# Playing with Phaser 3 Tweens, Curves and cubic Bezier curves

When I updated my Down the Mountain prototype to Phaser 3 version, I did not use Bezier curve to tween player movement as I did in Phaser 2 version, because I couldn’t find an easy way to do it. Obviously, there could not be something I am not be able to do it with Phaser, so I started studying its new features like paths and native cubic Bezier support, and now I have the solution. Do you know what is a Bezier curve? A Bezier curve is a mathematically defined curve used in two-dimensional graphic applications. The curve is defined by four points: the initial position and the terminating position (which are called “anchors”) and two separate middle points (which are called “handles”). The shape of a Bezier curve can be altered by moving the handles. The mathematical method for drawing curves was created by Pierre Bézier in the late 1960’s for the manufacturing of automobiles at Renault. Look at the prototype I made:
Drag any of the green or red points to change the path and see the white circle following it. I already made a prototype like this one, you can find it in this post, but using Phaser 3 features made the whole process easier and more powerful. First, the curve you see and you can change is a Bezier curve created by Phaser with only one line. Once you change one of the four points defining the curve, the curve itself updates in real time, so there is no need to calculate it again. I found this feature very useful. The curve can also be drawn in a graphics object with just one line. What about the tween? Instead of tweening the sprite, we tween an object value from zero to 1, that is from the beginning to the end of the curve, then we create a callback to be fired at each tween update, find the point on the curve according to the tweening value – yes, again with just one line of code – then update the sprite position. This was awesome. Have a look at the source code, still uncommented but quite easy to understand:
```var game;

var gameConfig = {
type: Phaser.WEBGL,
width: 600,
height: 600,
backgroundColor: 0x000000,
scene: [playGame]
};
game = new Phaser.Game(gameConfig);
window.focus()
resize();
}

class playGame extends Phaser.Scene{
constructor(){
super("PlayGame");
}
}
create(){
var pointColors = ["0x00ff00", "0x008800", "0x880000", "0xff0000"];
this.pointsArray = [];
for(var i = 0; i < 4; i++){
var draggablePoint = this.add.image(Phaser.Math.Between(100, game.config.width - 100), Phaser.Math.Between(100, game.config.height - 100), "point");
draggablePoint.setTint(pointColors[i]);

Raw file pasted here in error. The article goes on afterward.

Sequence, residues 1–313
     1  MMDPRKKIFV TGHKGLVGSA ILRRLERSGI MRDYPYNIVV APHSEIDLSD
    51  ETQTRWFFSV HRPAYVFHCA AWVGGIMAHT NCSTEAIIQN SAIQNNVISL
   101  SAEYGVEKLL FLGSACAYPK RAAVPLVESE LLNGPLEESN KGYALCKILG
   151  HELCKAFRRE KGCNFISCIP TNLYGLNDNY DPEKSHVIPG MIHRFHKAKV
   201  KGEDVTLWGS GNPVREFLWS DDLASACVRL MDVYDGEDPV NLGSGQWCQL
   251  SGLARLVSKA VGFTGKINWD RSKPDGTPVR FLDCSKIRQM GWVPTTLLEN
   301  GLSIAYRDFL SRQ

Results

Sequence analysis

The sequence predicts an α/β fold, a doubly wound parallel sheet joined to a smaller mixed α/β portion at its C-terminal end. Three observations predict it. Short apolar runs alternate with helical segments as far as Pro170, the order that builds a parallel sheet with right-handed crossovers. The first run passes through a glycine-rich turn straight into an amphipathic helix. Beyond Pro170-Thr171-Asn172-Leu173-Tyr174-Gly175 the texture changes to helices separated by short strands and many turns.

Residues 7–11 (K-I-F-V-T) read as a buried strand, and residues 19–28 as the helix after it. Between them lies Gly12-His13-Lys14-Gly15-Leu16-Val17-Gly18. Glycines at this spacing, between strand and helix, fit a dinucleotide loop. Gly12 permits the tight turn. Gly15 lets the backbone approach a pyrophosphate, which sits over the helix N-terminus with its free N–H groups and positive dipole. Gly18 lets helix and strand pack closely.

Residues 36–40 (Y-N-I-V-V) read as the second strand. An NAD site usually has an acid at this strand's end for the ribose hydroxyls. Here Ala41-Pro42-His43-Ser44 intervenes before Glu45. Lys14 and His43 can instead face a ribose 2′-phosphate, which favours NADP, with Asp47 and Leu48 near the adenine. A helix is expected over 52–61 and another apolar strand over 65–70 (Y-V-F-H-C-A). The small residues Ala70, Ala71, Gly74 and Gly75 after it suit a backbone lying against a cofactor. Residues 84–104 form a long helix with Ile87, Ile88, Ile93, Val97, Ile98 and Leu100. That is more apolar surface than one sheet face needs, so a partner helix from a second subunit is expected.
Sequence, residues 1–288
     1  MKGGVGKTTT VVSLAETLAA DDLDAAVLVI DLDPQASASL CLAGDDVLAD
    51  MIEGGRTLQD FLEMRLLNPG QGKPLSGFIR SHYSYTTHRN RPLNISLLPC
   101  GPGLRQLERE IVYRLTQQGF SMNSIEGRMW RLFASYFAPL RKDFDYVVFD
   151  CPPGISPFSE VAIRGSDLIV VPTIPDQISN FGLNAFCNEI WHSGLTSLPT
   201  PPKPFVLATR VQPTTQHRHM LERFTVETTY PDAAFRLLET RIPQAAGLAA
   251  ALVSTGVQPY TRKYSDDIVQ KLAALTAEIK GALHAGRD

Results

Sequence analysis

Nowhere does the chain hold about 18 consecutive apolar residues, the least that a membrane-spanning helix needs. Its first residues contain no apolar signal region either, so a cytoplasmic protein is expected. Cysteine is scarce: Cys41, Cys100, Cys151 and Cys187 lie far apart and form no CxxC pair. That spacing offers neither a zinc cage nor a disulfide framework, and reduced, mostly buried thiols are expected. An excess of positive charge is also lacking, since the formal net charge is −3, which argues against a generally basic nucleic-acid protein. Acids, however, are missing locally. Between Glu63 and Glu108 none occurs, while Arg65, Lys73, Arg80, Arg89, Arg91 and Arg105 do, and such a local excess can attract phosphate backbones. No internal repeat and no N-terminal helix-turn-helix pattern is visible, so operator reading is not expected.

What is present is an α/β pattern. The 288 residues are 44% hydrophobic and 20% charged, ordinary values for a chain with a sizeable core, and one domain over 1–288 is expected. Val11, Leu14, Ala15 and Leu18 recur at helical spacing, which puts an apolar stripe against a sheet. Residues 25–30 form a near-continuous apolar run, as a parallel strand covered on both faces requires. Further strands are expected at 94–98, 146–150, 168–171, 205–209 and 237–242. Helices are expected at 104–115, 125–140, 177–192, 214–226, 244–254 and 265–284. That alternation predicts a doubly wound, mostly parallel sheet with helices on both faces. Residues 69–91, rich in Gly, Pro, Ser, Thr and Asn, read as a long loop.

draggablePoint.setInteractive();
this.pointsArray[i] = draggablePoint;
}
this.bezierCurve = new Phaser.Curves.CubicBezier(this.pointsArray[0], this.pointsArray[1], this.pointsArray[2], this.pointsArray[3]);
this.input.setDraggable(this.pointsArray);
this.input.on("drag", function (pointer, gameObject, posX, posY){
gameObject.x = posX;
gameObject.y = posY;
this.drawBezier();
}, this);
this.movingPoint.scaleX = 0.5;
this.movingPoint.scaleY = 0.5;
this.drawBezier();
var tweenObject = {
val: 0
}
targets: tweenObject,
val: 1,
duration: 2000,
yoyo: true,
repeat: -1,
ease: "Sine.easeInOut",
callbackScope: this,
onUpdate: function(tween, target){
var position = this.bezierCurve.getPoint(target.val);
this.movingPoint.x = position.x;
this.movingPoint.y = position.y;
}
});
}
drawBezier(){
this.bezierGraphics.clear();
this.bezierGraphics.lineStyle(4, 0xffffff);
this.bezierCurve.draw(this.bezierGraphics);
this.bezierGraphics.lineStyle(2, 0x00ff00);
this.bezierGraphics.beginPath();
this.bezierGraphics.moveTo(this.pointsArray[0].x, this.pointsArray[0].y);
this.bezierGraphics.lineTo(this.pointsArray[1].x, this.pointsArray[1].y);
this.bezierGraphics.strokePath();
this.bezierGraphics.lineStyle(2, 0xff0000);
this.bezierGraphics.beginPath();
this.bezierGraphics.moveTo(this.pointsArray[2].x, this.pointsArray[2].y);
this.bezierGraphics.lineTo(this.pointsArray[3].x, this.pointsArray[3].y);
this.bezierGraphics.strokePath();
}
}

function resize() {
var canvas = document.querySelector("canvas");
var windowWidth = window.innerWidth;
var windowHeight = window.innerHeight;
var windowRatio = windowWidth / windowHeight;
var gameRatio = game.config.width / game.config.height;
if(windowRatio < gameRatio){
canvas.style.width = windowWidth + "px";
canvas.style.height = (windowWidth / gameRatio) + "px";
}
else{
canvas.style.width = (windowHeight * gameRatio) + "px";
canvas.style.height = windowHeight + "px";
}
}
```
This concept will be applied to my latest Down the Mountain prototype to add a more realistic 3D effect when the player jumps. Download the source code.
215 GAME PROTOTYPES EXPLAINED WITH SOURCE CODE
// 1+2=3
// 10000000
// 2 Cars
// 2048
// Avoider
// Ballz
// Block it
// Blockage
// Bloons
// Boids
// Bombuzal
// Breakout
// Bricks
// Columns
// CubesOut
// Dots
// DROP'd
// Dudeski
// Eskiv
// Filler
// Fling
// Globe
// HookPod
// Hundreds
// InkTd
// Iromeku
// Lumines
// Magick
// MagOrMin
// Maze
// Memdot
// Nano War
// Nodes
// o:anquan
// Ononmin
// Pacco
// Phyballs
// Platform
// Poker
// Pool
// Poux
// Pudi
// qomp
// Racing
// Renju
// SameGame
// Security
// Sling
// Slingy
// Sokoban
// Splitter
// Sproing
// Stack
// Stairs
// Stringy
// Sudoku
// Tetris
// Threes
// Toony
// Turn
// TwinSpin
// vvvvvv
// Wordle
// Worms
// Yanga
// Zhed
// zNumbers